So I want to be pretty careful about going into details, but I can mix some stories together to make a plausible sounding story based on what I have heard. Please keep in mind this story is a fiction based off a composite of case studies I’ve witnessed, not a real example of any particular person.

Say Alice is an EA. She learns about it in his first year of college. She starts by attending an EA event or two and eventually ends up being a member of his university chapter and pretty heavily reading the EA forum. She takes the GWWC pledge and a year later she takes a summer internship at an EA organization. During this time she identifies strongly with the EA movement and considers it one of her top priorities. Sadly, as Alice is away at her internship her chapter suffers and when she gets back she hits a particularly rough year of school and due to long term concerns, she prioritizes school over setting the chapter back up, mainly thinking about her impact. The silver lining is at the end of this rough year she starts a relationship. The person is smart and well suited, but does not share her charitable interest. Over time she stops reading the EA content she used to and the chapter never gets started again. After her degree ends she takes a job in consulting that she says will give her career capital, but she has a sense her heart is not as into EA as she once was. She knows a big factor is her boyfriend’s family would approve of a more normal job than a charity focused one, plus she is confident she can donate and have some impact that way. Her first few paychecks she rationalizes as needing to move out and get established. The next few to build up a safe 6 month runway. The donations never happen. There's always some reason or another to put it off, and EA seems so low on the priorities list now, just a thing she did in college, like playing a sport. Alice ends up donating a fairly small amount to effective charities (a little over 1%). Her involvement was at its peak when she was in college and she knows her college self would be disappointed. Each choice made sense at the time. Many of them even follow traditional EA advice, but the endline result is Alice does not really feel she is an EA anymore. She has many other stronger identities. In this story, with different recommendations from the EA movement and different choices from Alice, she could have ended up doing earning to give and donating a large percentage long term or working with an EA org long term, but instead she “value drifted”.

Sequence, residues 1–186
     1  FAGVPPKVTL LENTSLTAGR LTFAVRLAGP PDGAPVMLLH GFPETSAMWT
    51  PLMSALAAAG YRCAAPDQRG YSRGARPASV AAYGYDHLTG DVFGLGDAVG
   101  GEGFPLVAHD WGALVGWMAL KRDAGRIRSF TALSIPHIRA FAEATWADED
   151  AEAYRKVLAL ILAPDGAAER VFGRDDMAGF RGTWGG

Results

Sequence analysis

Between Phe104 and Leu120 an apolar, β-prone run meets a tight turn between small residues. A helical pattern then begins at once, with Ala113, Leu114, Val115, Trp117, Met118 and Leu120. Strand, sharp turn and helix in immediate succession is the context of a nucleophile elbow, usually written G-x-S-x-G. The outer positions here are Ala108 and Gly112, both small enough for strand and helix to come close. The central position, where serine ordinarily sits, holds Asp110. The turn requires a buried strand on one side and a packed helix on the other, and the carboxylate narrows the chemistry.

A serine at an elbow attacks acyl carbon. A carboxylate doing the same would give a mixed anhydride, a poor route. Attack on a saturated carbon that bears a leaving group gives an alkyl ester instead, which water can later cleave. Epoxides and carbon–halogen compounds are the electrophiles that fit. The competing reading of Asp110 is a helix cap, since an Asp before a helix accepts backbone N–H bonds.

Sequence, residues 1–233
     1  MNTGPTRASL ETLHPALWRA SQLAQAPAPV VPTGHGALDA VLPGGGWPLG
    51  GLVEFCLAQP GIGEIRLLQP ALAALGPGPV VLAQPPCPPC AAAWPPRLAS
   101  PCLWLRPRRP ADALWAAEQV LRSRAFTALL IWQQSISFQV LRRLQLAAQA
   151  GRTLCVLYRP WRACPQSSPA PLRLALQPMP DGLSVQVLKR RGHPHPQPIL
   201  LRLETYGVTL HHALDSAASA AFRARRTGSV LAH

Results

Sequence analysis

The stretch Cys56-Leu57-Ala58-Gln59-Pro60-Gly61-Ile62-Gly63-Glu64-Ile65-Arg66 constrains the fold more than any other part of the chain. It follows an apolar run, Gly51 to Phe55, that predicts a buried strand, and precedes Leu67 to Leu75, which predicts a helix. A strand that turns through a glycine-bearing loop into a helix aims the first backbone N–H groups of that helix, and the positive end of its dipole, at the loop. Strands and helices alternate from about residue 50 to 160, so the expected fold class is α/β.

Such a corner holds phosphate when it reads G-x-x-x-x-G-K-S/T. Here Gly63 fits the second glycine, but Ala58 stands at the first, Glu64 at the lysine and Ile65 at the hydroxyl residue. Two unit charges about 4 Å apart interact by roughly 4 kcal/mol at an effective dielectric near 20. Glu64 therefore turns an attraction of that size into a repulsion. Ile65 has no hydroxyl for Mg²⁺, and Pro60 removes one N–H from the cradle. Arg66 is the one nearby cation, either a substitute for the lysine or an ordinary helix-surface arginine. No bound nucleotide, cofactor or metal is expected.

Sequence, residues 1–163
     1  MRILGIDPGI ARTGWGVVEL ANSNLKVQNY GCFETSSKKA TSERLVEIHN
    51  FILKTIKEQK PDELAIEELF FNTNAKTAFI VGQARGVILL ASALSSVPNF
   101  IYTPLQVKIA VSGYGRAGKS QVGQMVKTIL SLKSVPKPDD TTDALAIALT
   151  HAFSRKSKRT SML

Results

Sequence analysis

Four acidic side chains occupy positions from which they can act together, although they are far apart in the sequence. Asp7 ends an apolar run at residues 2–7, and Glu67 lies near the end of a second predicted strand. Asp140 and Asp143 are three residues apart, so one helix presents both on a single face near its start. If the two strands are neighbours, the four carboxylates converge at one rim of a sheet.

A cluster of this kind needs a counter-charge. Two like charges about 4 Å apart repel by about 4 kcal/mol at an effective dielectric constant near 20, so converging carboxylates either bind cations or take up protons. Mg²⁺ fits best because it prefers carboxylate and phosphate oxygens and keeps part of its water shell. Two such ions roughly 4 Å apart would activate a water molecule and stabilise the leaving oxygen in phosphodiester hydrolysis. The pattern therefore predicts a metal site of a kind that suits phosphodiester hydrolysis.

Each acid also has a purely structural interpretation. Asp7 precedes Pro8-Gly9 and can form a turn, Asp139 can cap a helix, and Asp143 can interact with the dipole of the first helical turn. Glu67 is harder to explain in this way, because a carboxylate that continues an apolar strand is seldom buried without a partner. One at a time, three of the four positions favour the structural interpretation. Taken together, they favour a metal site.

Comment author: DavidMoss 23 April 2018 03:06:39AM *  13 points [-]

This also fits my experience.

A few other implications if value drift is more of a concern:

  • Movement growth looks a lot less impactful in absolute terms
  • It's an open question whether this means we should therefore focus our movement-building efforts on a minority of particularly likely to be engaged people or expand our numbers more to offset attrition (depending on details of your model)
  • Selecting primarily for high skill/potential-impact levels may be a mistake, as a person who among the very highest skill level, but who decides to do something else, may likely produce zero impact. There are, no doubt, more implications.
Comment author: Joey 23 April 2018 07:59:15PM 3 points [-]

Indeed. I think there are a whole set of implications of value drift when it comes to movement building, particularity recruiting younger people who will not create huge amounts of good for a while.

Comment author: John_Maxwell_IV 23 April 2018 09:16:00AM 6 points [-]

If your primary path to impact is donations and you want to keep value drift in mind, but you don’t know where you want to give yet, don’t save those donations. Put them into a donor-advised fund. That way even if you become less altruistic in the future, you can’t back out on the pledged donations and spend it on a fancier wedding or a bigger house. You can also set up monthly donations, or ask your employer to automatically donate a pre-set portion of your income to charity before you even see it in your bank account.

Does a donor-advised fund let you deduct money you put into the fund from your taxes? If so, that is a huge reason to use them.

Comment author: Joey 23 April 2018 07:56:47PM 3 points [-]

Yes it does, and indeed that is another huge pro of them when compared to a normal savings fund. There are some cons of them often they are cumbersome to first set up and require a fairly large minimum deposit. But overall something I wish more EAs considered.

Comment author: AdamGleave 23 April 2018 01:25:13AM 10 points [-]